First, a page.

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world, and to allow it no possibility of existence any where in the universality of things. On these principles, vice, or moral evil, cannot consist in any thing that is an effect; because fault does not consist in the Nature of things, but in their Cause; as well as because effects are necessary, being unavoidably connected with their Cause: therefore the Cause only is to blame. And so it follows, that faultiness can lie only in that Cause which is a Cause only, and no effect of any thing. Nor yet can it lie in this; for then it must lie in the Nature of the thing itself; not in its being from any determination of ours, nor any thing faulty in us which is the Cause, nor indeed from any Cause at all; for, by the supposition, it is no effect, and has no Cause. And thus, he that will maintain it is not the Nature of habits or acts of will that makes them virtuous or faulty, but the Cause, must immediately run himself out of his own assertion; and in maintaining it, will insensibly contradict and deny it.

This is certain, that if effects are vicious and faulty, not from their Nature or from any thing inherent in them, but because they are from a bad Cause, it must be on account o. the badness of the Cause: a bad effect in the will must be bad, because the Cause is bad, or of an evil Nature, or has badness as a quality inherent in it: and a good effect in the will must be good, by reason of the goodness of the Cause, or its being of a good Kind and Nature. And if this be what is meant, the very supposition of fault and praise lying not in the Nature of the thing, but the Cause, contradicts itself, and does at least resolve the Essence of virtue and vice into the Nature of things, and supposes it originally to consist in that. And if a caviller has a mind to run from the absurdity, by saying, "No, the fault of the thing, which is the Cause, lies not in this that the Cause itself is of an evil Nature, but that the Cause is evil in that sense, that it is from another bad Cause." Still the absurdity will follow him; for, if so, then the Cause before charged is at once acquitted, and all the blame must be laid to the higher Cause, and must consist in that being evil, or of an evil Nature. So now, we are come again to lay the blame of the thing blameworthy to the Nature of the thing, and not to the Cause. And if any is so foolish as to go higher still, and ascend from step to step, till he is come to that which is the first Cause concerned in the whole affair, and will say, all the blame lies in that; then at last he must be forced to own, that the faultiness of the thing, which he supposes alone blameworthy, lies wholly in the Nature of the thing, and not in the Original or Cause of it; for the supposition is, that it has no Original, it is determined by no act of ours, is caused by nothing faulty in us, being absolutely without any Cause.-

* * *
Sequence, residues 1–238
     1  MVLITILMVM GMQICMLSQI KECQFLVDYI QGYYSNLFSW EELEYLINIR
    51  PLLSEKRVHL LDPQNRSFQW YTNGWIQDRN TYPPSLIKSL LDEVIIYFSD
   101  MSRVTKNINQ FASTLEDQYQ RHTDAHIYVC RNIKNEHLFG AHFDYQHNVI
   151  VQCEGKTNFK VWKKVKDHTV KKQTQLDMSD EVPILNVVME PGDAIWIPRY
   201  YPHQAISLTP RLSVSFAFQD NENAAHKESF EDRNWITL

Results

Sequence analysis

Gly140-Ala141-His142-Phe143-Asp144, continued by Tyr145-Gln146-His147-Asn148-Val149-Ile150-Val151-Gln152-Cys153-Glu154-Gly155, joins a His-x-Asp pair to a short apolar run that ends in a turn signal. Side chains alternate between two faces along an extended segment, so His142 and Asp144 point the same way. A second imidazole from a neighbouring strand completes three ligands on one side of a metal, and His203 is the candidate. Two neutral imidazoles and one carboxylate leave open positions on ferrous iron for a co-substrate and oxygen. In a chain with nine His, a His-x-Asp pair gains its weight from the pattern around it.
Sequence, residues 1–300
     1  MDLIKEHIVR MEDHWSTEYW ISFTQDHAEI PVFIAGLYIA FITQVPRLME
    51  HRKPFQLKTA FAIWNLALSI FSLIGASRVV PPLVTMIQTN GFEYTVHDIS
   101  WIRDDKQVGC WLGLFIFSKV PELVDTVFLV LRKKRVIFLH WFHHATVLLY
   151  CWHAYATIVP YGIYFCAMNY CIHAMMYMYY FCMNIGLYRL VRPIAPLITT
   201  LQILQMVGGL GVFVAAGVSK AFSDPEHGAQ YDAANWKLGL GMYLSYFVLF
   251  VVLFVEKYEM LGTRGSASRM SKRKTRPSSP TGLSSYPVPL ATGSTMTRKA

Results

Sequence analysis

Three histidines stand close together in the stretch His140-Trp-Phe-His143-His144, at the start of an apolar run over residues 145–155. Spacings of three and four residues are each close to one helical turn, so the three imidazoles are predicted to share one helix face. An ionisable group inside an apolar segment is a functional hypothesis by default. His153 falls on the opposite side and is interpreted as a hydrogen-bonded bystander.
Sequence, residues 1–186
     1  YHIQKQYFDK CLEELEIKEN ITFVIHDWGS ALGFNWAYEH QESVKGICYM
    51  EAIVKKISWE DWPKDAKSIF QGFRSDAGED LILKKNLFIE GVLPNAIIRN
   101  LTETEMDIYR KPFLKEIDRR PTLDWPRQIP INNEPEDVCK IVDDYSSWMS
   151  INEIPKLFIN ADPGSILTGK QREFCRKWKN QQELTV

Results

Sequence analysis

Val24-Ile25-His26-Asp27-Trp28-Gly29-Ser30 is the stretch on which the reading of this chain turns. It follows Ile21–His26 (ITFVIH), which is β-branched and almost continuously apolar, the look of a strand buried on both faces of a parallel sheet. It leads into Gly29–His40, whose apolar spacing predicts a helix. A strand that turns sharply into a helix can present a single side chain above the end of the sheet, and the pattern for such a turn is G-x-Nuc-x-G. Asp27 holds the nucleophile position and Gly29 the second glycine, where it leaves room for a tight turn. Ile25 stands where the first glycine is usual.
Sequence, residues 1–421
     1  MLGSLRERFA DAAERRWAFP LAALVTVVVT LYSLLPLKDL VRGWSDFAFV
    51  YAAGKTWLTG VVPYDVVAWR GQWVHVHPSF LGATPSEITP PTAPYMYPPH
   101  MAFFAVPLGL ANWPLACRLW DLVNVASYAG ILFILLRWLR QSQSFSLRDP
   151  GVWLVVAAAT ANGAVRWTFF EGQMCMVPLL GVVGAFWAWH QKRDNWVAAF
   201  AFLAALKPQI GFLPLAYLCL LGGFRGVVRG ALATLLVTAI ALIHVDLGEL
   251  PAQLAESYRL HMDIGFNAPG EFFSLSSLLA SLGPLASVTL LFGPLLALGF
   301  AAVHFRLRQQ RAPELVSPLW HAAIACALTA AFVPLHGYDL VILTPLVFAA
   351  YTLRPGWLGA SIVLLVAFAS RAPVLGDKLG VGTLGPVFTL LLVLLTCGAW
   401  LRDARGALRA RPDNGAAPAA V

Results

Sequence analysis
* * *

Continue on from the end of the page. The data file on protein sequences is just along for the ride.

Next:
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And so the race is at an end, but the evader is taken in his flight.

It is agreeable to the natural notions of mankind, that moral evil, with its desert of dislike and abhorrence, and all its other ill deservings, consists in a certain deformity in the Nature of certain dispositions of the heart, and acts of the will; and not in the deformity of something else, diverse from the very thing itself, which deserves abhorrence, supposed to be the Cause of it. Which would be absurd, because that would be to suppose a thing that is innocent and not evil, is truly evil and faulty, because another thing is evil. It implies a contradiction for it would be to suppose the very thing which is morally evil and blameworthy, is innocent and not blameworthy; but that something else, which is its Cause, is only to blame. To say, that vice does not consist in the thing which is vicious, but in its Cause, is the same as to say, that vice does not consist in vice, but in that which produces it.

It is true a Cause may be to blame, for being the Cause of vice: it may be wickedness in the Cause that it produces wickedness. But it would imply a contradiction to suppose that these two are the same individual wickedness. The wicked act of the Cause in producing wickedness, is one wickedness; and the wickedness produced, if there be any produced, is another. And therefore the wickedness of the latter does not lie in the former, but is distinct from it; and the wickedness of both lies in the evil Nature of the things which are wicked.